I don’t think we have to choose between living in the present or in the past. We create the future with each step we take, and even if we don’t want time to move forward or things to change, we are forced or invited to each evolving second. When I was seventeen years old, I found myself confronted with my own nihilistic worldview in my Philosophy 101 class at the local community college. We were talking about time and hoping for things to get better, and I was spoked up and articulated my deepest fears: that we’re really just always waiting for something better. Always looking for the next thing to save or improve us. And discontent in each situation. And my very cheery, impossibly optimistic philosophy professor (an unexpected combo) exclaimed “That’s just depressing!” I realized I wasn’t just talking in the abstract, my seventeen-year-old self was already realizing this world isn’t enough. Sometimes when I get caught trapped in the thinking “Well, if I only did this, or if this job, or this person, in the future…” I hear my professor’s almost cartoon exclamation: “That’s just DEPRESSING!”
and I tell myself to chill out. Isn’t that what summer is supposed to be about? “Chilling out.” Vacations, relaxation, and sipping cold lemonades. And our thirsty souls drink it al up. Ahem, my thirsty soul drinks it up.
Cause I want to be forever
Like smoke in the air
Float like a feather going nowhere
Lost in the silence
I don’t need to be free
Kill me with kindness
Tell me beautiful lies
– Beautiful Lies, Birdy.
These lyrics, I believe, are really written about summer. Summer is just a bunch of beautiful lies. Float like a feather going nowhere? If that doesn’t epitomize summer, I don’t know what does. It must be the former teacher in me, but when fall rolls around I get the overwhelming sense that things need to prepped and fixed and clothes need to be bought. Crockpot recipes must be pinned. Cold, hard reality sets in. Pumpkin spice is the only cure. Don’t tell me that the pumpkin spice faze is soooo over. I refuse to accept this.
At work, I’m anticipating the arrival of apple ginger spice cake, white chocolate pear bars, and pumpkin muffins. My first child will be named Pumpkin Muffin. They will be adorable and no one will accept that Pumpkin Muffin is their real name and it will psychologically damage them forever. Just have to get Jesse to agree. Kidding, aside, I feel healthier and more soul-happy than I ever thought possible a year ago. Life still has it’s up and downs but the pace has changed. A vast majority of fall and winter last year was sucked up by a low-level sadness that was my constant companion. I couldn’t shake it off by myself. I couldn’t outpace it. Grief can be a real a monster, and it can be a breath of fresh air. It’s power and forcefulness in your life is a reflection of the depth of love you had for the person who is gone. And that’s where the breath of fresh air comes, you breathe deeply in the memories and realize that so much of us matters. Death is so painful because life is so abundant. I’m nowhere near being “done” with this process, I just have some more words to articulate it. Please, please, please, please don’t ask people who have recently lost someone to explain what they’ve “learned” in this situation. They’ve learned they really loved someone and they’re gone. That’s enough to try to unpack for a lifetime.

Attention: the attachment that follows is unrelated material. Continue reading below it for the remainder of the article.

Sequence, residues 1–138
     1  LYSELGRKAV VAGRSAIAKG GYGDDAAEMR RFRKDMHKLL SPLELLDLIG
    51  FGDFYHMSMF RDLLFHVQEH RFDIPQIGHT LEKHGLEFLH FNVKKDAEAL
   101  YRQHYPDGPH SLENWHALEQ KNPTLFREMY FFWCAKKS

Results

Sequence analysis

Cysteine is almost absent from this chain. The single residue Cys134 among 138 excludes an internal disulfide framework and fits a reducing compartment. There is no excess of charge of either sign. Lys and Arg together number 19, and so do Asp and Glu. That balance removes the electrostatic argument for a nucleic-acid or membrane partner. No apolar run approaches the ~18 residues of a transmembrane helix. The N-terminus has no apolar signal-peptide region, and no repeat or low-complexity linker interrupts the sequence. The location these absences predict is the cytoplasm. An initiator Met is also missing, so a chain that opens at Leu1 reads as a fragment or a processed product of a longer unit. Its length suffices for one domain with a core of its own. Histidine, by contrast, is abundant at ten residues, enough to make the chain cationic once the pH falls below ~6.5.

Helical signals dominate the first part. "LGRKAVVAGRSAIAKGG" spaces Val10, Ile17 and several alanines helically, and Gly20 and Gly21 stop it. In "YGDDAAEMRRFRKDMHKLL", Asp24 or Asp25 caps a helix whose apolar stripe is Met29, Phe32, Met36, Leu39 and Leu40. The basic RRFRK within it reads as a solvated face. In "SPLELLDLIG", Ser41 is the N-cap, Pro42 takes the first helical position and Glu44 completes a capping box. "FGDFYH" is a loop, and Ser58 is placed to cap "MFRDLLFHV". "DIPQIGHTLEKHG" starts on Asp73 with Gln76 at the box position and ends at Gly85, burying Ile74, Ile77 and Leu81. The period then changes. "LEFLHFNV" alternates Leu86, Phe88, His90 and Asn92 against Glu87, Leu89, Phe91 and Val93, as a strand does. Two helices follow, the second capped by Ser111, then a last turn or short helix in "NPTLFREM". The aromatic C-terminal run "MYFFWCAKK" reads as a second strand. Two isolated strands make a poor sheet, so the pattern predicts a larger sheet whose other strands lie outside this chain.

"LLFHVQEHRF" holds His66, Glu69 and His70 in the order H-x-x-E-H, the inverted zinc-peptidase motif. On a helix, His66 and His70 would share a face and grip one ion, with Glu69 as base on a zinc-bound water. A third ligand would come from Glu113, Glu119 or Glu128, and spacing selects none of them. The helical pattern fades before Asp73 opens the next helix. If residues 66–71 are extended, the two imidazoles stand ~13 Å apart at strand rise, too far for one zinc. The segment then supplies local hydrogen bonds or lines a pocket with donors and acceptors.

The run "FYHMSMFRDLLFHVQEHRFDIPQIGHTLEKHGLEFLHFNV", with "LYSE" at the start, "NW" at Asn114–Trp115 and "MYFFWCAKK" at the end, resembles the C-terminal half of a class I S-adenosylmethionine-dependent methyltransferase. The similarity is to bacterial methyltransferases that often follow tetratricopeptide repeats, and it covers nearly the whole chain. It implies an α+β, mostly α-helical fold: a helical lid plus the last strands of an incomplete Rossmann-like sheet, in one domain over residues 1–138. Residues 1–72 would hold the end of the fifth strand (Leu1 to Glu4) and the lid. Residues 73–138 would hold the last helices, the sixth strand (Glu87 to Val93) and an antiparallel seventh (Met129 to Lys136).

We all want the pretty story, the final chapter, the sequel that answers all of the questions. We want the triumph and the glory. The gold medal ceremony. But when we rush the story, or scrap the struggle, we cheapen our stories. We limit our opportunities. We accept beautiful lies, in the name of a better story. One thing I have found very freeing about not being in school anymore is no longer having grades attached to all or most of my work. Sure, it’s harder to figure out if you’re passing or failing, but no longer are values attached to each move you make. It was easier, somehow, because even if you spilled your coffee, got a parking ticket, and ate chips and salsa for dinner you still got a passing grade on that paper, your life is alright. I don’t want to settle for for a life of tidy “lessons” and assigning grades to myself and the people around me. That’s not enough. That life may sound tidier, but it’s one that I won’t settle for.